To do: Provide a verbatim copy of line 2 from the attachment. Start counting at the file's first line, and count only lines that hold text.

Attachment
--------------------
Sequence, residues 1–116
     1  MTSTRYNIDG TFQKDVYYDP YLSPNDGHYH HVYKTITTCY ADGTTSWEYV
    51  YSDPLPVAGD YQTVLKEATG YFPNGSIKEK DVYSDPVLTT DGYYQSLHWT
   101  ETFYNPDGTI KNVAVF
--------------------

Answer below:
     1  MTSTRYNIDG TFQKDVYYDP YLSPNDGHYH HVYKTITTCY ADGTTSWEYV